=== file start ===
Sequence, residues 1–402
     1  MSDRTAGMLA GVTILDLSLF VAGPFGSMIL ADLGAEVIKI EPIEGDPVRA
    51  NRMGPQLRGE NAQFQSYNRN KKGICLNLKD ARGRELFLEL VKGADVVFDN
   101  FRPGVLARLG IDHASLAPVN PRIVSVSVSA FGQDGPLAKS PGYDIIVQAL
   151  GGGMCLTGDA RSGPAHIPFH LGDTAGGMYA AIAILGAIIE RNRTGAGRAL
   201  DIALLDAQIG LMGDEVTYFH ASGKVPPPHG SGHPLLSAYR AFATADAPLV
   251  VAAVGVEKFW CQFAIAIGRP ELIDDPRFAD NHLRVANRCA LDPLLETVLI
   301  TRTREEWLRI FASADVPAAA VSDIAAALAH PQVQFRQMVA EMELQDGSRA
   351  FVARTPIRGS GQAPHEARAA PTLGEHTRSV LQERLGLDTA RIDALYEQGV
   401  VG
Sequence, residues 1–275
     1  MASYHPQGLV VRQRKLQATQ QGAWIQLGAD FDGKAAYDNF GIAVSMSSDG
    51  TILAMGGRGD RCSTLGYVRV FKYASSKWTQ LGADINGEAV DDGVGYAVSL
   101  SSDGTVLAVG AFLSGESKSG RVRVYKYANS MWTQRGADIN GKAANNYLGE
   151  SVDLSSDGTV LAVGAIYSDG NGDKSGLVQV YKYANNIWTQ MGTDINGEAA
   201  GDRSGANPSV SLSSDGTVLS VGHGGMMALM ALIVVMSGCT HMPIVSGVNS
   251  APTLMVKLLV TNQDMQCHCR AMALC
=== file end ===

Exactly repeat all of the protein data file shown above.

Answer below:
Sequence, residues 1–402
     1  MSDRTAGMLA GVTILDLSLF VAGPFGSMIL ADLGAEVIKI EPIEGDPVRA
    51  NRMGPQLRGE NAQFQSYNRN KKGICLNLKD ARGRELFLEL VKGADVVFDN
   101  FRPGVLARLG IDHASLAPVN PRIVSVSVSA FGQDGPLAKS PGYDIIVQAL
   151  GGGMCLTGDA RSGPAHIPFH LGDTAGGMYA AIAILGAIIE RNRTGAGRAL
   201  DIALLDAQIG LMGDEVTYFH ASGKVPPPHG SGHPLLSAYR AFATADAPLV
   251  VAAVGVEKFW CQFAIAIGRP ELIDDPRFAD NHLRVANRCA LDPLLETVLI
   301  TRTREEWLRI FASADVPAAA VSDIAAALAH PQVQFRQMVA EMELQDGSRA
   351  FVARTPIRGS GQAPHEARAA PTLGEHTRSV LQERLGLDTA RIDALYEQGV
   401  VG
Sequence, residues 1–275
     1  MASYHPQGLV VRQRKLQATQ QGAWIQLGAD FDGKAAYDNF GIAVSMSSDG
    51  TILAMGGRGD RCSTLGYVRV FKYASSKWTQ LGADINGEAV DDGVGYAVSL
   101  SSDGTVLAVG AFLSGESKSG RVRVYKYANS MWTQRGADIN GKAANNYLGE
   151  SVDLSSDGTV LAVGAIYSDG NGDKSGLVQV YKYANNIWTQ MGTDINGEAA
   201  GDRSGANPSV SLSSDGTVLS VGHGGMMALM ALIVVMSGCT HMPIVSGVNS
   251  APTLMVKLLV TNQDMQCHCR AMALC